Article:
“We have a classic control loop at two locations. The Bulkscan supplies us with the current actual value for the quantity being transported on the conveyor belt. Setpoint values are addi-tionally used for control at certain points,” says Achim Eumes when describing process con-trol. “The measurement supplies the actual value and the controller then adapts the desired quantity by means of the speed of the first screw conveyor. This results in a constant transport flow.”
 


Better performance with 5-echo technology

“We were looking for a non-contact measuring principle,” says Achim Eumes to explain the starting situation. “However, it is a great challenge for an optical device to function in such an environment, i.e., detecting the dark iron chip mass on a dark conveyor belt under difficult lighting conditions,” he adds.
The ultra-fast sampling technology from SICK enables high-precision laser measurement in virtually all weather and ambient conditions. The 5-echo technology is perfectly suited for applications that require the reliable detection of dynamic objects in changing or unfavorable conditions. Even for applications with poor visibility, such as in tunnels or in mines. In addition to maintaining excellent visibility in unfavorable weather conditions, 5-echo technology also ensures maximum accuracy.
 

 

The System

 


The laser scanners are mounted at five locations above the conveyor belt in the Krefeld-Uerdingen factory and continuously measure the height profile of the iron scrap passing un-derneath by laser pulsing. The laser radiation is eye-safe and corresponds to laser class 1. The notable aspect of this design is the reliable detection of the height profile, even with ex-ternal interference factors such as dust or bulk material suspended in the air. This is possible due to new signal analysis technologies, which are able to filter out the correct height profile signal reliably from a large number of echoes. The software algorithm reliably determines the correct signal from the various reflected laser pulses and at the same time reliably suppresses any haze that might interfere with measurement. Fast scanning frequencies of up to 75 Hz and fast response times are used both to achieve maximum resolution for the height profile (and thus high measurement accuracy) as well to enable measurement of fast conveyor belts moving at speeds of up to 30 meters per second.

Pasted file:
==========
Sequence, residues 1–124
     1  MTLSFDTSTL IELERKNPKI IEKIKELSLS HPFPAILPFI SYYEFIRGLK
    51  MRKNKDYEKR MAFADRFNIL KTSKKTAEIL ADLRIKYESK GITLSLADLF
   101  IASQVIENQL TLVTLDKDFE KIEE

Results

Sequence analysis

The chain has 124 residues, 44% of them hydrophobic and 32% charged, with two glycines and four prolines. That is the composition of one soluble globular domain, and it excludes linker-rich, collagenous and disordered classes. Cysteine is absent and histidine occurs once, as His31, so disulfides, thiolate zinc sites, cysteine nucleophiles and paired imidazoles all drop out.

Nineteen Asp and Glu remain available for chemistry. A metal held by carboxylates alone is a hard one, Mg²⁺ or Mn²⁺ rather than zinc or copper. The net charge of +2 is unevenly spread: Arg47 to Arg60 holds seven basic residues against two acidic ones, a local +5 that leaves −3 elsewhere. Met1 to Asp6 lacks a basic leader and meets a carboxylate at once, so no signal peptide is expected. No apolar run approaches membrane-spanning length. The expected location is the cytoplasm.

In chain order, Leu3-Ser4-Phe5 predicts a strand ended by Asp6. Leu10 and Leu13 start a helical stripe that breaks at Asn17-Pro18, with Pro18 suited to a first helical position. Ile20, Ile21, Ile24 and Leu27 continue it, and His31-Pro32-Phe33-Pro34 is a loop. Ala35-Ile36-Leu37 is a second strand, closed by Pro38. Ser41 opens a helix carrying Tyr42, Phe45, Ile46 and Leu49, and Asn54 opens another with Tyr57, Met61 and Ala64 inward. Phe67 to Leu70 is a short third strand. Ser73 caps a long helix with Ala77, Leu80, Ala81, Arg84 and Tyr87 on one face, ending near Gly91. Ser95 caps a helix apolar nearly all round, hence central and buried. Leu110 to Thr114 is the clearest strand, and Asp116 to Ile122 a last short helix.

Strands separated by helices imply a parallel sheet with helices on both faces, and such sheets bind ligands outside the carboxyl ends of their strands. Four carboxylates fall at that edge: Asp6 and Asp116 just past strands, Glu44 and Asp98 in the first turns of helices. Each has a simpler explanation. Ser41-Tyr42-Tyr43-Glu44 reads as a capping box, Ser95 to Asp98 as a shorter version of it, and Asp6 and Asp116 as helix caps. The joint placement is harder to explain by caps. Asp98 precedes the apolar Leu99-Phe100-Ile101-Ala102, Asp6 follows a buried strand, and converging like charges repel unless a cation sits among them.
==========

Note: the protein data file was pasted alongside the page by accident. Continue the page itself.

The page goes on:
The “Bulkscan” system from SICK offers six individually assignable switching outputs for fur-ther signal processing, e.g., as a warning or impulse output or as continuous outputs for measured value transmission over TCP/IP (Ethernet). Processing and measured value prep-aration take place directly in the sensor, which therefore also has two inputs. No additional data acquisition system is required. This facilitates mounting and commissioning.

Xaver Meier

Head of Business Unit Industrial Instrumentation

Xaver Meier has led the Product Management and Applications Engineering Departments, focusing on Industrial Instrumentation, since early 2015.